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Covid-19 brings the future forward for Naspers

Bob Van Dijk, chief executive officer of Naspers, says global e-commerce sales grew as much in one month this year, as they have in the past seven years. This has been the impact of the lockdown. (Photo: Jasper Juinen/Bloomberg via Getty Images)

Covid-19 has made business operating conditions tough for all entities, including Prosus. But like Amazon, Google, Alibaba and Facebook, the internet firm has benefited from the lockdowns.

The global lockdown has accelerated the adoption of e-commerce around the world, and internet company Prosus is a thumping beneficiary of this trend. 

Global e-commerce sales grew as much in one month this year, as they have in the past seven years. This has been the impact of the lockdown, says Naspers and Prosus CEO Bob van Dijk. 

In particular, in the six months to September, the group’s online food delivery business grew revenue by 141%, double that of the equivalent period last year, etail grew by 70%, edtech grew by 54% and online payments – despite the bottom falling out of the airline and hotel sectors – grew by 29%. 

In South Africa, where online sales accounts for just 3% of retail, online retailer Takealot grew revenue by 66% and Mr D Foods grew revenue by 100%, despite their respective lockdowns.

On the other hand, the global Classifieds business contracted by 3% as people stopped buying and selling second-hand cars and other goods. 

Overall, the group’s e-commerce portfolio grew by 51% in the six months, its fastest rate.

“What happened this year was that the future came closer,” says CFO Basil Sgourdos. “People were forced online and we believe that now that they are online, they will stay online. The virus simply accelerated the rate of adoption.”  

Source: Prosus results presentation, November 2020.

As a result, Prosus, 73% held by Naspers, grew revenue by 32% to $12.7-billion. Trading profit grew by 43% to $2.7-billion and core headline earnings increased 29% to $2.2-billion, driven by improved profitability from e-commerce units and the growing contribution from Tencent, which grew revenue by 28% and contributed 32% to trading profit. 

Free cash flow jumped from $14-million to a healthy $370-million, driven by lower food losses, strong working capital management and an $81-million increase in the Tencent dividend – which grew 21% to $458-million.

“The acceleration in the revenue growth rate is a very positive development,” says Peter Takaendesa, head of equities at Mergence Investment Managers. “Of course, SA investors still want to see revenues translating into profit at the e-commerce level – but as long as revenue growth continues to be driven by strong user uptake, rather than price increases, I believe the trend is in the right direction.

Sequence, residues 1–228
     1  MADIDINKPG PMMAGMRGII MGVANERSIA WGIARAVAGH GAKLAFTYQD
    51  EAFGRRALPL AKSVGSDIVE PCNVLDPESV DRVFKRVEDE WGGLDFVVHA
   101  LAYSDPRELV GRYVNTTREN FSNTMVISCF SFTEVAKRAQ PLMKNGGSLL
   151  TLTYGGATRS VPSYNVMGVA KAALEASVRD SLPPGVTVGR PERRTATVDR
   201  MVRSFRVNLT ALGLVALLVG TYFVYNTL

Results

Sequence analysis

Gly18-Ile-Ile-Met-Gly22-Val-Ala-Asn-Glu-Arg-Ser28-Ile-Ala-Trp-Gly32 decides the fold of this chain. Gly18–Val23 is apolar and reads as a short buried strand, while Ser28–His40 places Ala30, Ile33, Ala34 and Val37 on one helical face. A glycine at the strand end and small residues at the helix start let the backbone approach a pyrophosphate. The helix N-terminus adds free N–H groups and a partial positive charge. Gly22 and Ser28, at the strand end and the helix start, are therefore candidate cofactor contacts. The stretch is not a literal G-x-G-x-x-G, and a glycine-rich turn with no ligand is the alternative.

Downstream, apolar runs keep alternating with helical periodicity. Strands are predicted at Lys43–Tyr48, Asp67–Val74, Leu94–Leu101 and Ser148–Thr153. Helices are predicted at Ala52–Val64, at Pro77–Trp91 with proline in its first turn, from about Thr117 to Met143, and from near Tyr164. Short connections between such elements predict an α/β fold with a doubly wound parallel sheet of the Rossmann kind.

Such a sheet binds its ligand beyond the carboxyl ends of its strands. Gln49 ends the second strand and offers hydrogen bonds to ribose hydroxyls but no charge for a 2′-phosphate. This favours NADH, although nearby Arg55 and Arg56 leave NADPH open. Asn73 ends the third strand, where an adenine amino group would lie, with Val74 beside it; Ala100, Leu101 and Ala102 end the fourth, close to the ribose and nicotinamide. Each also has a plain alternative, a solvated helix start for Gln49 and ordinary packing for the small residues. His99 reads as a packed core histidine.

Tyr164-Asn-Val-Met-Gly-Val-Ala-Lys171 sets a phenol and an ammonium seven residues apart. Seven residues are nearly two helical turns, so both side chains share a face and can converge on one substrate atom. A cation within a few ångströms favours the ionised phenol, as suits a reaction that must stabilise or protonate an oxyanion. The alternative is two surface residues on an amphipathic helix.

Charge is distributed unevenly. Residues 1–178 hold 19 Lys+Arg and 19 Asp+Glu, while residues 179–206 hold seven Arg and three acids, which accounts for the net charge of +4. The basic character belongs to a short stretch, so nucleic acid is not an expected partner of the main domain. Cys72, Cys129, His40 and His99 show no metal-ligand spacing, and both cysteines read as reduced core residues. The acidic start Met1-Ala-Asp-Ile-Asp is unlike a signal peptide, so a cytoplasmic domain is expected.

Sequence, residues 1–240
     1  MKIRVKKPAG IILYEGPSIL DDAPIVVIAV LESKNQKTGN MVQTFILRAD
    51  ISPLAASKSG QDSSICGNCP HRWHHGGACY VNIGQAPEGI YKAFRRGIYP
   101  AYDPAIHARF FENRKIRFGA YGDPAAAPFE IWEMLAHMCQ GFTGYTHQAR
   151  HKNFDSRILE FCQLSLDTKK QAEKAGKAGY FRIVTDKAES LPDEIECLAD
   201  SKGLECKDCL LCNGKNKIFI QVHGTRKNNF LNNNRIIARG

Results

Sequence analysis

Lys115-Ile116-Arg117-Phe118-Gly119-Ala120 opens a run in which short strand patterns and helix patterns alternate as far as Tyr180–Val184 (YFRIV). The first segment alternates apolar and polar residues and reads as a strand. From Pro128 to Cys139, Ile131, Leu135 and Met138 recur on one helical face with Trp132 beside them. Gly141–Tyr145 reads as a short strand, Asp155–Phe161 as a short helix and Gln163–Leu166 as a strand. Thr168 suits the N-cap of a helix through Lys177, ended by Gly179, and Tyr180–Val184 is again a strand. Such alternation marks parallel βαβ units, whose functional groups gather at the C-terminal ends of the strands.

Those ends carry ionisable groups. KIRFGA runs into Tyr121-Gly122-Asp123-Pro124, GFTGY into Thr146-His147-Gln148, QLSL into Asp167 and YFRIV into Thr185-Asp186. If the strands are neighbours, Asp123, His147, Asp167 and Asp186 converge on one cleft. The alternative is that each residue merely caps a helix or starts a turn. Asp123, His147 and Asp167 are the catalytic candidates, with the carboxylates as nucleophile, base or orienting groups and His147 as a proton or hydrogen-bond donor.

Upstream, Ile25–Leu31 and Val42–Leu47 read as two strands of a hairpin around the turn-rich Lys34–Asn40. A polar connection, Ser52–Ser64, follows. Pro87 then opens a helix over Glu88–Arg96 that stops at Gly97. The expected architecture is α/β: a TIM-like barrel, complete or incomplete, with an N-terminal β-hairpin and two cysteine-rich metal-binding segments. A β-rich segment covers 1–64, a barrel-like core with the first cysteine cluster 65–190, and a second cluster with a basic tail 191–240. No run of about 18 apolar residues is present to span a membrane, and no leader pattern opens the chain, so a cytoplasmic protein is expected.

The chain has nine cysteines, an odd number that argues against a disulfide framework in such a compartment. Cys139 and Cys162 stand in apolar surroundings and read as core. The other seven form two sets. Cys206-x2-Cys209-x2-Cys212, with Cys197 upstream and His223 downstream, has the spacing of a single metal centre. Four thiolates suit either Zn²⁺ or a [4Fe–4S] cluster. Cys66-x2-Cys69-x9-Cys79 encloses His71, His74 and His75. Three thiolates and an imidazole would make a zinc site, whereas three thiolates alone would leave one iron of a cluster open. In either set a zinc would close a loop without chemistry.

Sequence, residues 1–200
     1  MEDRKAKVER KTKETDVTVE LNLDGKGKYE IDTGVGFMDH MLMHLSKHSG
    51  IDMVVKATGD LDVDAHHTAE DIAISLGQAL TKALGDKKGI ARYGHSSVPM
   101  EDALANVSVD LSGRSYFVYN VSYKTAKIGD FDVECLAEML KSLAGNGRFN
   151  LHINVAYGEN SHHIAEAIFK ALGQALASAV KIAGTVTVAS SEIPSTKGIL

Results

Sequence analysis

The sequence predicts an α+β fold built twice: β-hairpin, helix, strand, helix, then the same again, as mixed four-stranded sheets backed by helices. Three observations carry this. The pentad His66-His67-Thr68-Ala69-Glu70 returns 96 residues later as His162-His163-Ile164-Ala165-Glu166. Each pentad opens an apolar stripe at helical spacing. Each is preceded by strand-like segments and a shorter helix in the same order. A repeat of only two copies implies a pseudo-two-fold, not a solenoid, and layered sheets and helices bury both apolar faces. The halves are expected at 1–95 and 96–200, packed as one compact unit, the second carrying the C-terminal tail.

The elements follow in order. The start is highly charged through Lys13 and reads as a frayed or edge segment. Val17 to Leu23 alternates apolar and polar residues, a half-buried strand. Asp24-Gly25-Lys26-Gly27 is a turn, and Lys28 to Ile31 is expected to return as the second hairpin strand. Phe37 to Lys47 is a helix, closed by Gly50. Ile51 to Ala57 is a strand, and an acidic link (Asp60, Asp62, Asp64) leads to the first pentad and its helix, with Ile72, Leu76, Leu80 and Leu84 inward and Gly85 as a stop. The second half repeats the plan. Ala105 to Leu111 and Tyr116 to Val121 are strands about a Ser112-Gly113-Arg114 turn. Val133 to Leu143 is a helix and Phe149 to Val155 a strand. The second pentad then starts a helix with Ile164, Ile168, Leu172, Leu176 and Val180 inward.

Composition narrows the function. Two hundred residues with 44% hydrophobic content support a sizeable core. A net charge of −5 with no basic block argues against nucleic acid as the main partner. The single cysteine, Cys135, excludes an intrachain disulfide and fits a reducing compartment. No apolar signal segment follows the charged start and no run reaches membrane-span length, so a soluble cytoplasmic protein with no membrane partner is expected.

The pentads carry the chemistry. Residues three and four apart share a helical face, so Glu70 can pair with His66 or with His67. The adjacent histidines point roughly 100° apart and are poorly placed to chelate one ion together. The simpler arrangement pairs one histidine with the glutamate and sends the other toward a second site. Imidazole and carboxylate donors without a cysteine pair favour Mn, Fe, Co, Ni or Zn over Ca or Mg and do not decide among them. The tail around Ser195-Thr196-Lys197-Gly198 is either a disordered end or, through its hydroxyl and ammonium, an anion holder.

“The e-commerce business reported a loss of $316-million, which is better than last year’s $415-million loss,” he adds. 

Businesses that shot the lights out include iFood in Brazil, which grew revenue by 234% year on year and added 98,000 new restaurants to its platform, bringing its number of restaurant partners to 258,000 and processes 44 million orders per month. 

PayU in India managed to grow revenue by 48%, despite a huge hit in quarter one as people stopped booking flights and travel online. 

“We were able to overcome the losses by focusing on bringing more offline merchants online,” says Sgourdos.

Online education platforms also benefited, with short course provider Udemy growing enrolments by more than 400%, and BYJU’s, the Indian educational technology and online tutoring firm, saw 180% growth in students on top of already high growth rates.

The group remains as acquisitive as ever, and in the six-month period invested $600-million in online businesses, including its $400-million investment in Churchill II’s planned acquisition of Skillsoft and Global Knowledge. Subsequent to the half-year end, the group has invested a further $600-million in yet-to-be-announced acquisitions.

The constant stream of investments puts the brakes on e-commerce profitability in the short term, but it’s for the greater good, says Van Dijk. 

“Our Brazilian food business was profitable two years ago, but the opportunity became so much bigger than we had anticipated, so we invested to capitalise on the growth, with the result that the business is running at a loss. But it’s the right thing to do.” 

The balance sheet is strong with a net cash position of $4.3-billion, positioning the group well for whatever 2021 decides to throw at it.

“Like other big tech firms, Prosus prefers to maintain a net cash position – or as close to it as possible,” says Takaendesa. “It is a high-growth business, but it is also high risk, so gearing is deliberately kept low. The share buybacks may put the company in a small net debt position, but I expect this will be carefully managed.” 

Shareholders remain concerned about the group’s ever-widening consolidated discount to net asset value. 

“The discount at the Naspers level is above 50% and we currently make up 29% of the Swix [shareholder weighted index], which is unprecedented,” says Van Dijk.

“We are committed to resolving this and are looking at many permutations and narrowing on a couple. But we recognise that this won’t change over the next six to 12 months.” 

In the longer term it is growth in the e-commerce business that will narrow the discount, he says. “This business is generating a 20% return, and in time we think the market will come to appreciate this.” 

It was with the discount in mind that the group announced a massive share buyback programme. Over the course of the next 12 months, Prosus will acquire up to $1.4-billion Prosus N ordinary shares and $3.6-billion Naspers N ordinary shares on the market. DM/BM

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